Climbing Is My Gateway For Self Discovery

Climbing Is My Gateway For Self Discovery

I am Belal Abdussalam. I developed my character, discovered more about life and myself, and healed through nature and among the mountains. I like to share my personal experience with everyone I can reach. Here’s my philosophy on one of the outdoor activities that added a lot to my perspective about myself and about life: climbing!

Nature provides the optimal training ground for mind and body. Adventure sports can reveal a deeper aspect of yourself, help you see yourself as you truly are, keep you humble, allow for vulnerability, offer you a chance to challenge your limits, and ultimately accept yourself as you are and embrace it.

Accepting yourself and the mountains helps you deal with challenges without judgment. The more you sit in nature, the more you begin to see the vulnerability of human beings. Rock climbing, for beginners or experts, can provoke emotions of doubt, insecurity, fear, over-analyzing, fatigue, and failure. Whether expert or beginner, the physical challenge differs but the emotional response is the same.

The highs and lows of a day in the canyon can reveal true character and provide the optimal training ground for the social and societal challenges of modern-day living. We often don’t get the opportunity to be open and vulnerable in modern society. Nature provides us this chance to be open and humble. Trusting that the rope will hold, we climb the wall, gradually making exciting progress. With every step comes a new challenge. Our body starts to get tired, the mind loses focus, and our fingers are unable to find the next hold. Where to next? All of a sudden, feeling lost, stuck, and afraid. Panic starts to set in, heart rate increases, and doubt arises. Will this rope actually hold me? What happens if I fall? In life, we are met with these crossroads, and there seems no way forward. It's frustrating, energy-consuming, confusing, and draining. Bringing our attention to the breath can calm the nervous system; a calm internal environment allows for clear thinking and the ability to look for another solution. Try a new foothold, a new grip, push with the right or maybe the left. Channel the energy from the heart to generate enough energy to find a new way forward. If you fall, you try again. It's from trying and failing or succeeding that we can learn lessons. It's these lessons learned along the way that are most valuable. How do we respond when challenged? Challenge, failure, and success help us learn and grow. Learning and growth build new habit patterns, creating new neural pathways in the brain that strengthen over time. Eventually, we become comfortable with discomfort, learning to crave unfamiliarity and the valuable life lessons that come from it.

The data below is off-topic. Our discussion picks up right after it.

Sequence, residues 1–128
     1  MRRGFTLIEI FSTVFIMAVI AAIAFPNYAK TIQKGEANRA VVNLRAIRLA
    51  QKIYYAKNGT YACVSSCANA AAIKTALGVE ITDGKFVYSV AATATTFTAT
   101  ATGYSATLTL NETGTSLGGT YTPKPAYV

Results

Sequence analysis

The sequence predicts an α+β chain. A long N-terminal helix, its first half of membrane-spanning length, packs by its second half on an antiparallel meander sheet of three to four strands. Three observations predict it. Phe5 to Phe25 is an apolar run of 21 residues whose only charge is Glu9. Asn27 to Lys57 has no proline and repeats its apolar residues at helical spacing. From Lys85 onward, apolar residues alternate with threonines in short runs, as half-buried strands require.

What is the difference between adventure sports in nature and an indoor workout?

- No risk indoors: fixed, limited, structured.
- Outdoors deals with elements, adjusting to nature, constantly changing, felt connection, authentic, no technology.
- Nature needs to give you permission; if nature doesn’t allow it, it is not possible.
- What happens if you go windsurfing, and there's no wind?
- Nature keeps you humble.
- Not just physical and mental capabilities but a reliance on nature to provide.
- You cannot compete with nature; you cannot win.
- A muscular physique does not necessarily mean strong.
- Technique is required, not just mental toughness.
- The mountains have been there a long time.
- They are a mirror to yourself, revealing your true character.
- Climbing in nature can help you see yourself as you truly are.
- Offers the opportunity to embrace yourself as you are.
- Celebrate yourself and your achievements, every step.
- One step at a time, gradual improvement.

What was the difference between expectations and reality? What was the difference between the first, second, and third attempts?

- The rock has not been built specifically for climbing; indoors has colors. It is not written on rock, but it shows you if you open your eyes and listen.
- The encouragement of the group was crucial.
- Loved the teamwork and atmosphere.
- Different texture of rock than the one I’m used to, requiring a new technique and approach.
- Came with no expectations, felt guided and safe, enjoyed the contact with the rock.
- Heart rate increased; was able to channel my energy to power myself up the rock.
- Learned to know when to stop when feeling fatigue.
- I learned today to trust in people. I learned to trust the guy holding the rope.

Being out in nature like this allows people to share in this way, open up, and be vulnerable. We are meant to be sharing, talking, and discussing feelings and observations.
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